Kirk suggests NSA phone records searches could have violated separation of powers

Alexis Levinson Political Reporter
Font Size:

WASHINGTON — Illinois Sen. Mark Kirk asked Thursday whether National Security Agency’s obtaining phone records from millions of Verizon customers might have given the executive branch access to phone records of members of the Legislature and Judiciary, upsetting the balance of powers prescribed under the constitution.

“You know, when government bureaucrats are sloppy, they’re usually really sloppy. I want to just ask, could you assure to us that no phones inside the Capitol were monitored of members of Congress that would give a future executive branch, if they started pulling this kind of thing up, would give them unique leverage over the legislature,” Kirk asked Attorney General Eric Holder at a Senate Appropriations Committee hearing about the Department of Justice’s 2014 Fiscal Year budget at which Holder was testifying.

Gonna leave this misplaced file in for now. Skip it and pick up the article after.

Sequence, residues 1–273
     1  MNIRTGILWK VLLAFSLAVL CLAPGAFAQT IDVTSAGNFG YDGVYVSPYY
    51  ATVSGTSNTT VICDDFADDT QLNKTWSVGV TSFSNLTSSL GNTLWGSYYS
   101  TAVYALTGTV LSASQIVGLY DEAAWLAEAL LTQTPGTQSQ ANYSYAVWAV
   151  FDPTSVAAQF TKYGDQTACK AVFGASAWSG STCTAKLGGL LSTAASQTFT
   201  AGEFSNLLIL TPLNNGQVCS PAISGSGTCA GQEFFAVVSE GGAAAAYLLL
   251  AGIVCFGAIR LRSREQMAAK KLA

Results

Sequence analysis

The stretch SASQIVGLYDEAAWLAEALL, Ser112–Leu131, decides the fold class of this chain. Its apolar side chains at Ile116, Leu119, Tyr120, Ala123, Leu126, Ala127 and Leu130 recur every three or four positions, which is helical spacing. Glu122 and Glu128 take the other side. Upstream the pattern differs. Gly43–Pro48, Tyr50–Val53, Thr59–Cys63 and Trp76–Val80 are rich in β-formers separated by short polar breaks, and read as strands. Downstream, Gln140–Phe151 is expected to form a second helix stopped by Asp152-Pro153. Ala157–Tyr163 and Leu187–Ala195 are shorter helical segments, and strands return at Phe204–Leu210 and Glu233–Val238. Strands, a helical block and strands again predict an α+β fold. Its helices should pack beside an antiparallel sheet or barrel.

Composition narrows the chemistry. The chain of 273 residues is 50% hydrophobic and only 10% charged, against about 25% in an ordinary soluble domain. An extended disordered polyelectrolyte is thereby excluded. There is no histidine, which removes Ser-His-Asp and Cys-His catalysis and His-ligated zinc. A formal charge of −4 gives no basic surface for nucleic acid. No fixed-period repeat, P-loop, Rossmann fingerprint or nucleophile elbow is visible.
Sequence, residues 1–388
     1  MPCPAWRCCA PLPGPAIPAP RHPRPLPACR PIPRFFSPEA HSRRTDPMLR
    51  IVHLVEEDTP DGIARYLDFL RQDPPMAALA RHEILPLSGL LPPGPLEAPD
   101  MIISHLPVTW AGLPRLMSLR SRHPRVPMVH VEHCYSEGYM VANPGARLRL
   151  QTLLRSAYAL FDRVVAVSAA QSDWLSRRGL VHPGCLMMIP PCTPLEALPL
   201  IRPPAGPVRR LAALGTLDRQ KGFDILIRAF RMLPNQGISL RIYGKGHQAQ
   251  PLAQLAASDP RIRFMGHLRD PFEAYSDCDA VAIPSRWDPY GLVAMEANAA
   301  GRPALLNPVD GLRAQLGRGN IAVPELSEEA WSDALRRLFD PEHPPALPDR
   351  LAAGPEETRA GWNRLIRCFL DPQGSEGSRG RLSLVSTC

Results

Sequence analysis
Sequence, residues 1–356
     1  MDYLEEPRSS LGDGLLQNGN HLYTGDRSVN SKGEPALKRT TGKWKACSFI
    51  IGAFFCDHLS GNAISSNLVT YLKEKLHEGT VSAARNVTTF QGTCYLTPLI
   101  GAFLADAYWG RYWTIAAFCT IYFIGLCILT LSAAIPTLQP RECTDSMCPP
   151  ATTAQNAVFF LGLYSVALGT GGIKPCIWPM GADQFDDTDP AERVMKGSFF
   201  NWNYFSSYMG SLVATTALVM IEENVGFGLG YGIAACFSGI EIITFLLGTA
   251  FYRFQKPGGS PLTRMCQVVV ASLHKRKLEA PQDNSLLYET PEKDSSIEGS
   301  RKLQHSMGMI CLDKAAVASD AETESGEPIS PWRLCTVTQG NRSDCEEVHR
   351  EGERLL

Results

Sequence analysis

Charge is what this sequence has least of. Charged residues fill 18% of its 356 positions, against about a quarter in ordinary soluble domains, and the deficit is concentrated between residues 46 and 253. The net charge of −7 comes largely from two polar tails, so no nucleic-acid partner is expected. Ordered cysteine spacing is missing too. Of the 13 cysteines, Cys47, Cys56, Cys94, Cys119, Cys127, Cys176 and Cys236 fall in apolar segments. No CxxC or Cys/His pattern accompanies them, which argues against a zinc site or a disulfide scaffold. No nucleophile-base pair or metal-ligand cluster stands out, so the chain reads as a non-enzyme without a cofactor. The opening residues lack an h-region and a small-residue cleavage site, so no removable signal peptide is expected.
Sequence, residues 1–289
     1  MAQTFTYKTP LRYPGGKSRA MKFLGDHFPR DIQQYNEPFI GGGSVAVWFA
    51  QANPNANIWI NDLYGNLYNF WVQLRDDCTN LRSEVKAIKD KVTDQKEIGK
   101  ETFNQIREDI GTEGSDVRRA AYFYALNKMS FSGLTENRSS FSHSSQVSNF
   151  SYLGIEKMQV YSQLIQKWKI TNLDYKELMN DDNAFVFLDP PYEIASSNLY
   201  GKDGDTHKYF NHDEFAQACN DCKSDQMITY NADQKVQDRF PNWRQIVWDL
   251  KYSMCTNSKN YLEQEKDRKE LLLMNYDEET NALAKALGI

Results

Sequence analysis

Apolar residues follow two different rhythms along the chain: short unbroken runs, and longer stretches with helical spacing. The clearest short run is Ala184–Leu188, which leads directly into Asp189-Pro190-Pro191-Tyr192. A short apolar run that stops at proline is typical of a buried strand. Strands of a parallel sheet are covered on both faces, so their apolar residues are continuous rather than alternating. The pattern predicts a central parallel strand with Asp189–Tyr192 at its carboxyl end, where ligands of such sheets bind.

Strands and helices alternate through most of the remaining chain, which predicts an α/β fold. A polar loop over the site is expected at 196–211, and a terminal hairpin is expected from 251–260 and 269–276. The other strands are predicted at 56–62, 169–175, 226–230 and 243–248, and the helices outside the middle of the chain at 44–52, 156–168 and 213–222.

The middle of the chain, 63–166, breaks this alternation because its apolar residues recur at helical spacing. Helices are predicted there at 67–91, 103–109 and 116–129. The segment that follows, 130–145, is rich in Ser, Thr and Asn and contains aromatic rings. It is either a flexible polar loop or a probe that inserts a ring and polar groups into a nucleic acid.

Kirk also questioned whether Supreme Court justices might have had their phones monitored, asking Holder for “absolute assurance that not a single Supreme Court Justice was involved.”

“When you’re jumping up out of your executive branch lane, you want to make sure you’re not gaining new intel or leverage over separating powers under the constitution,” Kirk said.

Holder declined to discuss the issue at the hearing.

“With all due respect, Senator, I don’t think this is an appropriate setting for me to discuss that issue. I’d be more than glad to come back in an appropriate setting to discuss the issues that you have raise, but in this open format,” he said.

Committee Chair Barbara Mikulski said that the full committee, and even the full Senate, needed to have a briefing on the issue, possibly in a classified setting.

Kirk urged that prior to that hearing, Holder take steps to ensure that records of such a breach in the separation of powers were not destroyed.

“Whoever was running this program, knows they really screwed up,” he said.

Follow Alexis on Twitter